It would be meaningless to generalize about any realm of advertising, but one thing remains certain in the filed of recording gear advertising: the photographic fetishization of recording equipment and the norms of photographing men posing with recording equipment is a direct application of the male gaze that echoes the semantic play involved in “show us your racks” “gear porn” and gearslutz.com. Again, one can not condemn the entire pro audio advertising field, as some of the ads are quite tasteful and devoid of the male gaze, but there is a continuum upon which sexualizing and fetishizing advertisements of recording equipment can be said to sit. Drawing awareness to that continuum opens a dialogue about how the advertisements that do employ the male gaze (again, by offering the heterosexual male perspective) are sustaining exclusionary and unprofessional discourses.
Setting a critical eye on advertising among the pro audio manufacturers reveals a set of standardized and predictable image-making practices, and while one may be tempted to set up a prescriptive set of guidelines by which such ads could drop the male gaze and help sustain a more inclusive discourse around the field in general, it is perhaps a better strategy to simply initiate dialogue about these images with the hope that a professional self-awareness might emerge among the field that could permeate the marketing departments of the gear manufacturers. With that said, it is worth noting that both the heterosexualizaion of recording equipment (e.g., a stiletto heel and riding crop on a tape machine) and the equivocation of recording equipment with military-grade weapons (e.g., a mic named AK47, or the ubiquitous use of the phrase “secret weapon”) are drawing on the same tropes as “show us your racks” “gear porn” and “gearslutz,” and so there is room for immediate and direct critique in hope of jumpstarting the desired self-aware dialogue.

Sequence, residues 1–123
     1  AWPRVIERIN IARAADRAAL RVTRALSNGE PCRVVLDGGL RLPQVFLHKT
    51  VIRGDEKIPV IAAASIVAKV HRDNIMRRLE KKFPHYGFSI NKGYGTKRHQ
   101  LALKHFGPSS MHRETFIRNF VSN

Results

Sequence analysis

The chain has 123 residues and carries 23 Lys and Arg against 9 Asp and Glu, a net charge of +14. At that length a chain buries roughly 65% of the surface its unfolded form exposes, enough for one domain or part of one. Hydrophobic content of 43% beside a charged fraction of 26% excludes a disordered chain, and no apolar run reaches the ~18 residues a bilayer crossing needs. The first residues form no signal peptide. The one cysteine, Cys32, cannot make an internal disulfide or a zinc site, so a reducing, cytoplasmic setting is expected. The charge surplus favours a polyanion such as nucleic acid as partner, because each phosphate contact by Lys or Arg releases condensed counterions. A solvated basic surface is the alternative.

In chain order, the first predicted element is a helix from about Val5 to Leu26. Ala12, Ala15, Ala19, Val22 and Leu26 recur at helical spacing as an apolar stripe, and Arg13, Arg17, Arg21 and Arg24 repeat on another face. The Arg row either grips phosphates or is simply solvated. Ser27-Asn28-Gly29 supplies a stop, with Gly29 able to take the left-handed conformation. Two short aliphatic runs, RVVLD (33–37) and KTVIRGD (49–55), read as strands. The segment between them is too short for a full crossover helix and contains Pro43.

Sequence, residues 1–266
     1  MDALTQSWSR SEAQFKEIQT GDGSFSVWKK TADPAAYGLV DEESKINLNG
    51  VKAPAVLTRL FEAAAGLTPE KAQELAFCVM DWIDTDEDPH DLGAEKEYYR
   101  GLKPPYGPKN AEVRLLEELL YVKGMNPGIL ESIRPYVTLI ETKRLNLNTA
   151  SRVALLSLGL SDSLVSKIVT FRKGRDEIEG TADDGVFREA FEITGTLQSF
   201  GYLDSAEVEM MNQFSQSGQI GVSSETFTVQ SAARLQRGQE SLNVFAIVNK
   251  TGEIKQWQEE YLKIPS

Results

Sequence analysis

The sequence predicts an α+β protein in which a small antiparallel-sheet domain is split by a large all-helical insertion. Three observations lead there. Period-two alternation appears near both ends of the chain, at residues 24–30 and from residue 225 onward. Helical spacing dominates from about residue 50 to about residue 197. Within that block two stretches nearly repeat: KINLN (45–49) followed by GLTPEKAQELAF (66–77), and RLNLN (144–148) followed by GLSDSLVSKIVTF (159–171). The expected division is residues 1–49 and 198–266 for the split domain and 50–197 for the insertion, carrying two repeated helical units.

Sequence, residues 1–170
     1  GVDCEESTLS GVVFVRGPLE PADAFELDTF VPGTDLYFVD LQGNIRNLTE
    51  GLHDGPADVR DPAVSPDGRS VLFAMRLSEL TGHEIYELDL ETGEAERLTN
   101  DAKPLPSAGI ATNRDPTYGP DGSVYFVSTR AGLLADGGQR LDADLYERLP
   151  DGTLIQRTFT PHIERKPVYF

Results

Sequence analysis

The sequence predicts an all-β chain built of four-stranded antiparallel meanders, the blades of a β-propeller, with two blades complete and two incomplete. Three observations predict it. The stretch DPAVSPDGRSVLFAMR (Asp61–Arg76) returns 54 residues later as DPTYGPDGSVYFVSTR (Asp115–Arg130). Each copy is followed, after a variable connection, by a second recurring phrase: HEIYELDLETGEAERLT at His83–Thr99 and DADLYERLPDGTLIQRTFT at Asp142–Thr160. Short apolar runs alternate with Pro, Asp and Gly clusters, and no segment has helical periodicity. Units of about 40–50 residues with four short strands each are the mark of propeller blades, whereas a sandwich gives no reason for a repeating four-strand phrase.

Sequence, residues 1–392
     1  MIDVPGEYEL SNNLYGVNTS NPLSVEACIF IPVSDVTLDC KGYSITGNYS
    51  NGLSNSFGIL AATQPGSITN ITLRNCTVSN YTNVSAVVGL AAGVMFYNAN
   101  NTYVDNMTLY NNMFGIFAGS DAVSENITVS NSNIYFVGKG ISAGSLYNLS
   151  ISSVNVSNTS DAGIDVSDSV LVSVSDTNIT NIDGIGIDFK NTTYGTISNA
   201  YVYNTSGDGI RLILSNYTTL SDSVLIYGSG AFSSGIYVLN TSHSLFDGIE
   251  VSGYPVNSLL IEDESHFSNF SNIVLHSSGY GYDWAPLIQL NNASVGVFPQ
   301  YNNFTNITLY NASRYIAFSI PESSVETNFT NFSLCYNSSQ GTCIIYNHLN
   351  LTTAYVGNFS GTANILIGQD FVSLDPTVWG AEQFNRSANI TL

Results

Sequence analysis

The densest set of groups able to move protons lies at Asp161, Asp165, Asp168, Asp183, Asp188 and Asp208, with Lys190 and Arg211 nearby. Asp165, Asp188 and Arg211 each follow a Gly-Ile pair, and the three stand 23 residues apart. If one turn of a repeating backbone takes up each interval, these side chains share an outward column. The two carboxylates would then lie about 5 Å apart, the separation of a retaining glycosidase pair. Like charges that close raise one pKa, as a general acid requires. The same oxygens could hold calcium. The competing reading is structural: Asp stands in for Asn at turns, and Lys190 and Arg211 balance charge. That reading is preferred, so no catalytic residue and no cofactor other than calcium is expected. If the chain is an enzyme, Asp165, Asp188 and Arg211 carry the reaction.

THE COMPANY WE KEEP
Panning out from the detailed dissection of the discourses around recording equipment, there is a larger question left unanswered: As a professional career field, with which other fields do audioworkers and recordmakers want to be affiliated? There are other creative-tech-based fields in which the equipment is not sexualized, fields in which creative work and technical tool use are bound together and require great skill, intelligence, creativity and nuance. These include architecture, photography, filmmaking, design, theater, lighting, painting, sculpture – technical art forms capable of delivering humankind’s greatest expressions. This is not to argue that these fields are somehow purified of the male gaze, or beyond all socio-political problems — far from it, to be sure. But these fields have space within them for intelligent dialogue about those issues. These fields have made great strides over the past half century to include members from vastly diverse groups who have, in turn, helped broaden the intelligent dialogue needed to make the field increasingly inclusive of a multiplicity of voices. That multiplicity of voices has deeply enriched these fields, nurtured cross-cultural and international dialogues and broadened awareness of diverse schools of thought.
Can audioworkers and recordmakers begin to engage in an intelligent dialogue about the kind of professional environment we want to maintain? If the field fails to engage in this dialogue, audioworkers, it seems, will continue to imitate deer hunters and breast fetishists at the expense of the field’s own professionalism. In the long run, a lack of professionalism can only degrade the quality of the work itself.
Author: Allen Farmelo
Publish Date: October 26, 2014
Original Publication: Pink Noise